In this issue…
Congressional Activities & News
Federal Agency & Administration Activities & News
Notable Publications & Community Events
COSSA Member Activities
COSSA Action & Outreach
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As the Congressional August recess approaches in just a few weeks, it has become all but certain that a continuing resolution (CR) will be enacted to push work on the fiscal year (FY) 2015 appropriations bills to after the November midterm elections. The House and Senate are likely to be consumed with the President’s proposals for supplemental funding to address the migrant child crisis and wildfires out west during the scant remaining summer workdays, leaving little time to advance any of the FY 2015 spending measures before the new fiscal year begins on October 1. Despite Senate leadership’s promise to dedicate two weeks in July for debate on the appropriations bills, the bills are not included on Senate Majority Leader Harry Reid’s (D-NV) “to do list” for the balance of the month. While neither chamber has acknowledged a CR publicly, we are likely to see one passed that will place the appropriations bills on hold until after the elections to allow enough time for Members to head home for a final stretch of campaigning.
On June 26, House Republicans announced three new bills in what they are calling their “piecemeal” approach to reauthorizing the Higher Education Act (HEA), last reauthorized in 2008. Since the last COSSA Washington Update, Senator Tom Harkin (D-IA) released a full discussion draft outlining his vision for reauthorization. Public comment on the Senate draft is being accepted until August 29.
The National Science Board (NSB), the policy-making body of the National Science Foundation (NSF) that also advises the President on science policy, has issued a solicitation of nominations for its 2015 honorary awards. The NSB honors outstanding research leaders annually through its Vannevar Bush Award and Public Service Award. Nominations for the 2015 awards are due by October 1, 2014.
The Food and Drug Administration (FDA) is charged with “protecting the public health by ensuring the safety, effectiveness, and security of human and veterinary drugs, biological products, and medical devices; ensuring the safety of foods, cosmetics, and radiation-emitting products; and regulating tobacco products.” Every four years, the FDA updates its Strategic Priorities document, which outlines the agency’s strategic intentions and plans for the years ahead. The agency is currently seeking comments to help it refine its Strategic Priorities FY 2014-2018.
On June 27, the National Research Council (NRC) of the National Academies released its report, Furthering America’s Research Enterprise. The report, which was originally called for in the America COMPETES Act of 2011, is the culmination of work by a Committee on Assessing the Value of Research in Advancing National Goals. Language in the America COMPETES Act called on the National Science Foundation (NSF) to contract with the National Academies on a study to “develop improved impact-on-society metrics” for federal investment in research and development. The Committee decided to broaden the study to also look at the National Institutes of Health, Department of Energy, and other federal agencies.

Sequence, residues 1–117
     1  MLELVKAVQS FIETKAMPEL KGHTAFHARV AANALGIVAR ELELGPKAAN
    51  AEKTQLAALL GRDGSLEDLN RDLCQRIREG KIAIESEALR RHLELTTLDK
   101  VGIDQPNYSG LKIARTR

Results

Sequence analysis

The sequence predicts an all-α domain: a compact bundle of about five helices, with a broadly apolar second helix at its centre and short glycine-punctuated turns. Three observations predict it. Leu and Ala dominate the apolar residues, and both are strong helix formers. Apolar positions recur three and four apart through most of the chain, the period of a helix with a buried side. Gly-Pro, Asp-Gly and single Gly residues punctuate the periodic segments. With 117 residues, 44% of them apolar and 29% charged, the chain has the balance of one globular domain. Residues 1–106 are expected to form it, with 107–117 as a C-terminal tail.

On July 8, NDD United, a coalition of a wide variety of groups and stakeholders interested in protecting nondefense discretionary (NDD) spending from budget cuts, held a town hall meeting to discuss continuing threats and the potential for further cuts to discretionary spending. Among the threats, NDD United emphasized (1) the continuation of flat funding for NDD spending, and (2) the possibility of a new constitutional convention that could lead to a balanced budget amendment.
The American Association for the Advancement of Science (AAAS) is seeking nominations for its annual Award for Scientific Freedom and Responsibility. The award honors scientists and individuals who have “acted to protect the public’s health, safety, or welfare; or focused public attention on important potential impacts of science and technology on society by their responsible participation in public policy debates; or established important new precedents in carrying out the social responsibilities or in defending the professional freedom of scientists and engineers.”
Nominations are due by September 1, 2014.
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The American Statistical Association (ASA), a COSSA governing member, has released three white papers detailing how statistics can contribute to the Administration’s research initiatives and priorities, particularly those of the National Science Foundation (NSF) and the White House Office of Science and Technology Policy (OSTP). The white papers focus on the Brain Research through Advancing Innovative Neurotechnologies (BRAIN) Initiative, the Big Data Research and Development Initiative, and climate change. In an overview of the white papers, ASA Director of Science Policy Steve Pierson observed that the papers share several common themes:
On July 9, COSSA joined with a number of its member associations and sister coalitions on a letter to the Senate Health, Education, Labor and Pensions (HELP) Committee expressing concern with the House-passed Strengthening Education through Research Act (H.R. 4366), which is legislation to reauthorize the Institute of Education Sciences (IES) at the Department of Education. As currently written, the bill would “diminish the autonomy, authority, and stature of the National Center for Education Statistics (NCES)” within IES. The letter urges the Senate to amend the bill “to ensure that NCES data and statistics are objective, independent, and relevant to education policy discussions and that NCES remains a leading part of the U.S. federal statistical system.”
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